Walter Hill knows “The Assignment” is controversial. Since premiering at the Toronto International Film Festival last fall — hell, even while it was being shot — the latest from the legendary filmmaker (“The Warriors,” “48 Hrs.,” also "Deadwood") has been a magnet for outrage pieces, which have accused the film of being transphobic. The plot? Michelle Rodriguez plays a very macho and very male hitman named Frank Kitchen who’s kidnapped, drugged and surgically given female parts by a vengeful mad scientist (Sigourney Weaver).

 

Hill didn’t go into “The Assignment” to attract scandal. For him, it’s just another of his lurid potboilers, not a commentary on trans people. Besides, technically its anti-hero isn’t even trans. Frank may have swapped gender parts, but he still identifies as male.

 

“I don’t think it has anything to do with that subject,” the 75-year-old filmmaker tells us. When the pitchforks first came out, Hill was asked to issue a statement. He declined. “I just said, ‘The movie will be my defense.’ And it is. Although I guess I’m conducting a defense at the moment.”

 

He’s talking about it now, though, with a mixture of pride and trepidation, a little weary from being raked over the coals. He tries to choose his words carefully, but it’s clear what irks him isn’t an era when we’re newly sensitive to trans portrayals. He’s more annoyed that people jumped to wild assumptions before the film was even completed.

 

“I think people who have not seen something and attack it — a book, a movie or whatever — that’s pretty flimsy intellectual ground to be standing on,” Hill says. “I don’t think it’s very conducive to brilliant dialogue on the subject. It doesn’t open up an interesting debate to me.

“I’m not a comfortable polemicist by nature. I’m a storyteller and a movie guy,” he says.

Besides, “The Assignment” is anything if realistic. “It’s a genre movie about revenge. It’s a neo-noir. It’s a graphic novel-comic book world,” Hills explains. “I thought of it as a king-sized ‘Tales from the Crypt,’” he adds, citing HBO’s old horror anthology show, for which he directed three episodes.

That doesn’t mean it’s braindead. Any fan of trash filmmaking — a term we use as a compliment, mind you — knows that they’re great for slipping in deep, transgressive ideas. A great genre film delivers the goods as well as troubling food for thought. A noble, Oscar-baiting drama wouldn’t go the places “The Assignment” does.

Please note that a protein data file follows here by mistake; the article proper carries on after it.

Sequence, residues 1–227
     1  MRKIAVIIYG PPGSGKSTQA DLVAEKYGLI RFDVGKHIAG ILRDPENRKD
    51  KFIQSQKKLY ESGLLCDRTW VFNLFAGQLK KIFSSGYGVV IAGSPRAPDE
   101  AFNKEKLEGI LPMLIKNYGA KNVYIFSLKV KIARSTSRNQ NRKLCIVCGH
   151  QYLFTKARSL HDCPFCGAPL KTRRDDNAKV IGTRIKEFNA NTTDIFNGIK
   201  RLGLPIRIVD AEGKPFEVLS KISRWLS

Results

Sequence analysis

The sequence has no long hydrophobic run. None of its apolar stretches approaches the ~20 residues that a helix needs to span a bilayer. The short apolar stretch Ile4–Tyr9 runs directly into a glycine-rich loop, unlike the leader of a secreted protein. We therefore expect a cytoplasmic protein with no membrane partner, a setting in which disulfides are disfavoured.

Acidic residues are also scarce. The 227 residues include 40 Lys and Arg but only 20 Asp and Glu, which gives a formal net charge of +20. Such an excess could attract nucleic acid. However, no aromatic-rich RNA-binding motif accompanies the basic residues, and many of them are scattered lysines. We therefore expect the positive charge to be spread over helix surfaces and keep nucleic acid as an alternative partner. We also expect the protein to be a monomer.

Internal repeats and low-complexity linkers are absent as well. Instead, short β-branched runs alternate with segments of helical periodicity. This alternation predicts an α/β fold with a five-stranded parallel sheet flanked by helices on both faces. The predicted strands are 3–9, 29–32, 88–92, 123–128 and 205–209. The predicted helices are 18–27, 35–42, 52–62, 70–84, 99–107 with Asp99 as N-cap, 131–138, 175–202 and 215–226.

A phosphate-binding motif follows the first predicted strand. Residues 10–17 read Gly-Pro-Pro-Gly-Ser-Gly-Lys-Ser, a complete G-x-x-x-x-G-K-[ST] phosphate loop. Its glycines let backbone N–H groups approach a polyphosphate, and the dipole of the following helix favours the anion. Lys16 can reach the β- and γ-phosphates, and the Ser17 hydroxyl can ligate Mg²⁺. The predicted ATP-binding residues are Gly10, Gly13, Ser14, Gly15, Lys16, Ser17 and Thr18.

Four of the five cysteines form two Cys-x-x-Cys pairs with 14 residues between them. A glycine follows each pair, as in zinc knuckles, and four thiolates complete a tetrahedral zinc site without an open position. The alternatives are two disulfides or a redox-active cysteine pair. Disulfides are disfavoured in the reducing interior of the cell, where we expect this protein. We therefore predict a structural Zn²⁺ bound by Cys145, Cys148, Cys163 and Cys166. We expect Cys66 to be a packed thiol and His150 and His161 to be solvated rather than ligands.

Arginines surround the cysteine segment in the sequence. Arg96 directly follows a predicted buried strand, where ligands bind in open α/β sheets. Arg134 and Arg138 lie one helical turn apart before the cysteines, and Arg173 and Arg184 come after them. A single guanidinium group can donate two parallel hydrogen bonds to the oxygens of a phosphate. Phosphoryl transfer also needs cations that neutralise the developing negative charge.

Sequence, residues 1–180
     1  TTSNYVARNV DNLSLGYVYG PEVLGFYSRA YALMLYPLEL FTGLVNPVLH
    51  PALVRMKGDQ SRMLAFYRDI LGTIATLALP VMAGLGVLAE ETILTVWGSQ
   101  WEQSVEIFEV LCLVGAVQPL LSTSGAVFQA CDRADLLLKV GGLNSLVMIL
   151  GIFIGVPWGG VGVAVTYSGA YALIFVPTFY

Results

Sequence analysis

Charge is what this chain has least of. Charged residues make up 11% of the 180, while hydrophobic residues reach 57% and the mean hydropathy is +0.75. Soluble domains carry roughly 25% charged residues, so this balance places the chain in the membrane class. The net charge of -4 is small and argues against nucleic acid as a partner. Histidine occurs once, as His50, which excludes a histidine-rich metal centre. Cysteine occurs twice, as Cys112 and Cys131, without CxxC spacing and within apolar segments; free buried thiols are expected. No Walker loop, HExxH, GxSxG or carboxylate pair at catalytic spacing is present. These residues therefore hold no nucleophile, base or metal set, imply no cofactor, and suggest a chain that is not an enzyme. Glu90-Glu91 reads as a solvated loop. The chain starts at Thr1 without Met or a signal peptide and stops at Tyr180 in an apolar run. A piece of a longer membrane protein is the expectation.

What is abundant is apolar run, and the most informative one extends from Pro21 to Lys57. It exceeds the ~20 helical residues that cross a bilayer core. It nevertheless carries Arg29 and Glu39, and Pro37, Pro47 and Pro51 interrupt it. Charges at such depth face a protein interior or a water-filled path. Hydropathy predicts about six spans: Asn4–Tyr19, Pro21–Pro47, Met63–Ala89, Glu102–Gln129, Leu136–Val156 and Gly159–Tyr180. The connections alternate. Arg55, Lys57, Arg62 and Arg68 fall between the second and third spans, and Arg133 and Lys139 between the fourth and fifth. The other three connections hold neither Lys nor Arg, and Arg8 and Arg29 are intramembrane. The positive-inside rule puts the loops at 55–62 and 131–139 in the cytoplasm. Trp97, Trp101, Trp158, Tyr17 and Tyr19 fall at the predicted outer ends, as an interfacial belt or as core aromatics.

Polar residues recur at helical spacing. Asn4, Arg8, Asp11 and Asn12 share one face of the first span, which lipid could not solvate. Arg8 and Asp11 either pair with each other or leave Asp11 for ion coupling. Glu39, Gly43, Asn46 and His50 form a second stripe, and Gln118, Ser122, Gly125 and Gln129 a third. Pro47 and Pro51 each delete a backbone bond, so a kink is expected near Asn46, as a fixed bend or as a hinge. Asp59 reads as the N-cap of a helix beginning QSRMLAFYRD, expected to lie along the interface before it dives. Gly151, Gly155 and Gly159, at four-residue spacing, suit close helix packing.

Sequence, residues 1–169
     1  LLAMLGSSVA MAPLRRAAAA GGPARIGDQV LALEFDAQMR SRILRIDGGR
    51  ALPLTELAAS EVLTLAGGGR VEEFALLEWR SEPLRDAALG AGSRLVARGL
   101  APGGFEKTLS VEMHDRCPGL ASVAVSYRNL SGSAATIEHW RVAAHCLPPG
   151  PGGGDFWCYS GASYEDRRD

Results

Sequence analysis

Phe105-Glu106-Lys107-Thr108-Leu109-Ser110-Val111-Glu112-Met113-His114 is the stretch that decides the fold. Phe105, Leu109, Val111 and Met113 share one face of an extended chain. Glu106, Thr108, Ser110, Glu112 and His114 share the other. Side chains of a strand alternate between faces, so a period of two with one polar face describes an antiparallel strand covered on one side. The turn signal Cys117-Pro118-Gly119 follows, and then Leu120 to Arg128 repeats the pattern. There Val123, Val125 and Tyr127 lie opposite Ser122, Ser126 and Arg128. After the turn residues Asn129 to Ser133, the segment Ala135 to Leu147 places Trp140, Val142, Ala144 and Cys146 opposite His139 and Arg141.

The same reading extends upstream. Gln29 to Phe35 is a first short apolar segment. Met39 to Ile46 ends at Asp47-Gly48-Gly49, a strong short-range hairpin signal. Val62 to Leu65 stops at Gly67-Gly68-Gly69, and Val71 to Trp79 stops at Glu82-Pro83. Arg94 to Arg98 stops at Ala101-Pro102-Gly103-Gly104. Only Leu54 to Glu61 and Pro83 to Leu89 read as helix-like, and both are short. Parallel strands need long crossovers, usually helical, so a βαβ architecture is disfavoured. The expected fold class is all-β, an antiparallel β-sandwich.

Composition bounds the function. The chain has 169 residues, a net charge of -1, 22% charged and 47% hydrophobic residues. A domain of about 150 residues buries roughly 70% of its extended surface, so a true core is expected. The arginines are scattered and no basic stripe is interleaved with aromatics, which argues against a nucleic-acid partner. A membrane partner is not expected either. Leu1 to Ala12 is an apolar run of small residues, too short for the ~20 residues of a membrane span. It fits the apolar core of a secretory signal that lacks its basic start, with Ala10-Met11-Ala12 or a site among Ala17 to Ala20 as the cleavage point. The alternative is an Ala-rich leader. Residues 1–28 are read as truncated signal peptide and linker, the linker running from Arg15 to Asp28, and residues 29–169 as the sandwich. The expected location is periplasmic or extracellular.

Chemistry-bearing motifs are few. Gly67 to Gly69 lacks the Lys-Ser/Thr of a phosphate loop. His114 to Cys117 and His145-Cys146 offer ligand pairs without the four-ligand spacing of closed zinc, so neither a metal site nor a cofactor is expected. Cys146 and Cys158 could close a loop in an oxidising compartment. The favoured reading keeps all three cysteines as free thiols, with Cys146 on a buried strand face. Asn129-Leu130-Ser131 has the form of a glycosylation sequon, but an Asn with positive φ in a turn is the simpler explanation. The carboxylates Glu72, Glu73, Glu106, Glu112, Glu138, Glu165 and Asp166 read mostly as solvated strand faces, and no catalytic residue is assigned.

“I like turning an idea into something more than the simplest of moral lessons,” Hill says. “I’m always struck by how deep and complicated the simplest stories can be. I like simple stories that seem to be simple. The moral complications of what seems to be the simplest of stories are enormous.”

If “The Assignment” is critical of anything, it’s of masculinity, with Frank suddenly the recipient of physical and sexual abuse by the lesser gender.

“One of the reasons I wanted to do this thing is I got tired of everybody telling me I was really good with guys and macho bulls—,” explains Hill. “I always said my movies were anti-macho, but nobody ever noticed it.”

Sure enough, the majority of Hill’s films revolve around man’s men. Then again, Hill also co-wrote the first “Alien” (as well as the third), which means he helped create the pioneer of the blockbuster female badass, Ellen Ripley, played by Hill’s “Assignment” co-star Sigourney Weaver. (This is surely one of the strangest movie reunions ever.)

“We thought [“Alien”] worked much stronger with a female lead— that having the alien versus a woman was a much more terrifying situation than it would have been with a big, tough, macho guy,” Hill recalls.

On top of that, Weaver was an unknown. After they convinced execs to make a big monster movie with a female hero, they had to steer them away from the idea of casting someone famous.

“We felt just as strongly that if you had a very well-known movie star, it became a foretold situation — a victory,” Hills says. “The jeopardy wouldn’t’ be quite the same if you had somebody unknown. We really wanted the audience to feel that there was an open-field situation. We were going to kill people that you really liked, which we did consistently, and all bets are off.”

Still, it was tough getting a studio to sign off on a total unknown, and for a director, Ridley Scott, whose only previous film "The Duellists" had grossed, as Hill says with a chuckle, "about a hundred thousand dollars." Scott had to shoot a test scene with Weaver, which he then showed to Fox honcho Alan Ladd Jr. The producer was notable at the time for bankrolling films about women, like "Julia" and "The Turning Point," so a female-led "Alien" was in his wheelhouse. Hill says he wasn't there when Ladd Jr. watched it, but he heard about how it went down.

"They watched it, and Laddy looks over at one of the secretaries. He says to her, 'What did you think?' And she says, 'Oh, I loved her, she really reminds me of Jane Fonda,'" Hill says, laughing. "Laddy goes, 'Oh, alright,  make the movie.' And that’s how she was cast."

“Alien” has had a hell of a lifespan, especially considering it was the darkest film to emerge from the initial wave of post-“Star Wars” sci-fi fare.

“We used to say ‘Star Wars’ was The Beatles and we were The Rolling Stones,” he says, chuckling.

And yet Hill hasn’t been involved with the franchise since 1992’s “Alien 3.” His name’s still on them all, including the forthcoming “Alien: Covenant,” for contractual reasons.

“Most of them, I haven’t read the scripts and in many cases not even seen the films,” Hill remarks. “If the new one is wonderful, I’m sorry to say I had nothing to do with it. And if it’s a terrible flop, it’s not my fault.”

Follow Matt Prigge on Twitter @mattprigge